The Defamation Act 2013, which applies in England & Wales came into force on 1st January 2014 and has been hailed as “landmark legislation”.
The Act, introduced amongst other positive provisions, the serious harm rule, the public interest defence, the website operators’ defence, the single publication rule and also widened the ambit of reporting provisions.
Despite this, the Act does not extend to Northern Ireland meaning residents and journalists here are not afforded the same protections as the rest of the United Kingdom.
This week, members of the House of Lords debated this issue amid ongoing concerns that free speech is under threat and libel tourism very likely if defamation laws here are not brought into line with those laws in England & Wales.
Commencing the debate, senior government law officer, Lord Stewart of Dirleton, explained that the civil law of defamation is a devolved matter and so the responsibility of the Northern Ireland Executive.
He said the “United Kingdom government would not normally pass primary legislation relating to areas which were devolved without agreement” . He added “The Northern Ireland Executive must have the scope to set its own priorities for legislation”.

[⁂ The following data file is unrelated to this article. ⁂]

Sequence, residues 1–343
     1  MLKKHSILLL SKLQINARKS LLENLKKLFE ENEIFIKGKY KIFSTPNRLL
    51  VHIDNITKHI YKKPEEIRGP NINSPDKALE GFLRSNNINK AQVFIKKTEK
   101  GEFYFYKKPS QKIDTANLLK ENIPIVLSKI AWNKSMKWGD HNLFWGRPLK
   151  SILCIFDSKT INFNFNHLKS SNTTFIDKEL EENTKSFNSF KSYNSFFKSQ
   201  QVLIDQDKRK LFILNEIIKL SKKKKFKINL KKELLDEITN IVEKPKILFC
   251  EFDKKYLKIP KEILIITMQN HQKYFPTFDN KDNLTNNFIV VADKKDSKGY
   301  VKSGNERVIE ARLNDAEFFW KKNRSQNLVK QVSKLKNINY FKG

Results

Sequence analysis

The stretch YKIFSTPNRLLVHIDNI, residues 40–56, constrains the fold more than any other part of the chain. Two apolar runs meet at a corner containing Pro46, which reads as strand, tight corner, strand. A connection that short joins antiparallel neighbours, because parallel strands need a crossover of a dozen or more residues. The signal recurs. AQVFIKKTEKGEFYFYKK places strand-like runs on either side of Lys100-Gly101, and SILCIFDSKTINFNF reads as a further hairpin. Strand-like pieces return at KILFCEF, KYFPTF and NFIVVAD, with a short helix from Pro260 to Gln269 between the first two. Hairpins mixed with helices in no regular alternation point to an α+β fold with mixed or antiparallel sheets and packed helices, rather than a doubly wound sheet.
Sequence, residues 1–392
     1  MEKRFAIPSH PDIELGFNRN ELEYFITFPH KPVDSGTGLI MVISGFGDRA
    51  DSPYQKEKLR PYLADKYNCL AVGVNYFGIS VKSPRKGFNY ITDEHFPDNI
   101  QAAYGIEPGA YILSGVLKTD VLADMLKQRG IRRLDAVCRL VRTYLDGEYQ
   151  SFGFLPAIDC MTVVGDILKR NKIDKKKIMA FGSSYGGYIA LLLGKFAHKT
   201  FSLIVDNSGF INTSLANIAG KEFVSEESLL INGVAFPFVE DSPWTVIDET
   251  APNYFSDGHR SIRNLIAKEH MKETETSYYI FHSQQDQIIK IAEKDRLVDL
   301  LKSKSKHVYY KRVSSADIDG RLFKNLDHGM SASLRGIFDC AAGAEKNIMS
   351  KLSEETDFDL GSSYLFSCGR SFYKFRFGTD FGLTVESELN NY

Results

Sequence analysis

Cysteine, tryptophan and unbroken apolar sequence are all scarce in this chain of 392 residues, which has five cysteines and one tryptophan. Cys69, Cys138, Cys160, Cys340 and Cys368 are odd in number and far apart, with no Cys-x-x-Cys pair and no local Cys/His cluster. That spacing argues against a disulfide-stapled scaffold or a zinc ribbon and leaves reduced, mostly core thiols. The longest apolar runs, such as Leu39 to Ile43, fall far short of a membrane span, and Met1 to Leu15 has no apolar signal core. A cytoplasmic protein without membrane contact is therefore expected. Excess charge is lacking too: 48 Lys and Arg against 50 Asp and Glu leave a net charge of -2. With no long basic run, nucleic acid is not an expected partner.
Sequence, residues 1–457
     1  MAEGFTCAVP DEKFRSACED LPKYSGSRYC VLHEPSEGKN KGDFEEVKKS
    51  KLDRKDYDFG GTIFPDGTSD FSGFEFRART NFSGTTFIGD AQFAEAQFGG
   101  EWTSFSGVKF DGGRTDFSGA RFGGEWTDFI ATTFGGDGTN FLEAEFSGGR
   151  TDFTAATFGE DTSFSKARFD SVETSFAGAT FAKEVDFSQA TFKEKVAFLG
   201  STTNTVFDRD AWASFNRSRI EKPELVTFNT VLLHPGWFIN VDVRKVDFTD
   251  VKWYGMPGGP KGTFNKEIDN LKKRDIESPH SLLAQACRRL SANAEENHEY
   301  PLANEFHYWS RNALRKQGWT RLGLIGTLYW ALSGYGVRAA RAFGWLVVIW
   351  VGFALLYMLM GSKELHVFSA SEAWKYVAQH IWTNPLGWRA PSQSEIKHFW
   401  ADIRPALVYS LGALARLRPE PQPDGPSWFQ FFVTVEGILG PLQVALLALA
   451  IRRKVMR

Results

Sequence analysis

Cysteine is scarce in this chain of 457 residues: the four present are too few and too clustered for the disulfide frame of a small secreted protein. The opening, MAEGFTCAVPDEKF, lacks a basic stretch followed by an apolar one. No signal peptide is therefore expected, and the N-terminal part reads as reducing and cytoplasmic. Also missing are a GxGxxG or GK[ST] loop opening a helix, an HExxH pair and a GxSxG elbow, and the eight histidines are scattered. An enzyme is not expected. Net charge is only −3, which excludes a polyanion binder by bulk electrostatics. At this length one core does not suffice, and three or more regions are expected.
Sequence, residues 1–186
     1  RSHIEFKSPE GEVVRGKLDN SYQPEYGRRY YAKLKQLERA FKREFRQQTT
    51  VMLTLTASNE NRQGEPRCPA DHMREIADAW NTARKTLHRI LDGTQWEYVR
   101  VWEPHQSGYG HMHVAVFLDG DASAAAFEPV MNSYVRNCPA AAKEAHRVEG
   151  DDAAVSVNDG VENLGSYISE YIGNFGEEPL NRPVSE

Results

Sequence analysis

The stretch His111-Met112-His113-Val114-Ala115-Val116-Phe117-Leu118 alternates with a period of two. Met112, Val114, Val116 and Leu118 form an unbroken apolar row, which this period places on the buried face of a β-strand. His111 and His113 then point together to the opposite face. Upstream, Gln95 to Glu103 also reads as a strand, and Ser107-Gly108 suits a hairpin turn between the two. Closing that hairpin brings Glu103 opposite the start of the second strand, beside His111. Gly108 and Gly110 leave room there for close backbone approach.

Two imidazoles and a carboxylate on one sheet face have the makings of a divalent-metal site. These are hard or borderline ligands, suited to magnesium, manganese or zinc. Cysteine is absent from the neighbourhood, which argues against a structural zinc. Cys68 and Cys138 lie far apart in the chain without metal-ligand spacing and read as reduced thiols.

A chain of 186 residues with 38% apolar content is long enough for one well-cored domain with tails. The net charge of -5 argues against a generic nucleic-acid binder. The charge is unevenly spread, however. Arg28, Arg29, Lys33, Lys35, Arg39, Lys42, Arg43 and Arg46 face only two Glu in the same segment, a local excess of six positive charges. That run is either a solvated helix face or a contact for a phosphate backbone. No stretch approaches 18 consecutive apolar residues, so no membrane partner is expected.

He did however reassure members that work in relation to the existing law of defamation in Northern Ireland recommenced in February 2020 and that this will inform legislative change under the next mandate of the Assembly.
Reform of Northern Ireland’s outdated libel laws is evidently under active consideration. However, it remains to be seen whether the Act, either in part or whole will extend across the Irish Sea.
We will be following this topic closely and posting updates as and when they occur.
Watch this space!
Emma Hunt, Partner / Katie Major, Solicitor
Leading the litigation team at Mills Selig, Emma has significant experience and a well-established reputation in the area of media and defamation.
Katie has extensive experience in litigation, dispute resolution and a particular specialism in media and defamation.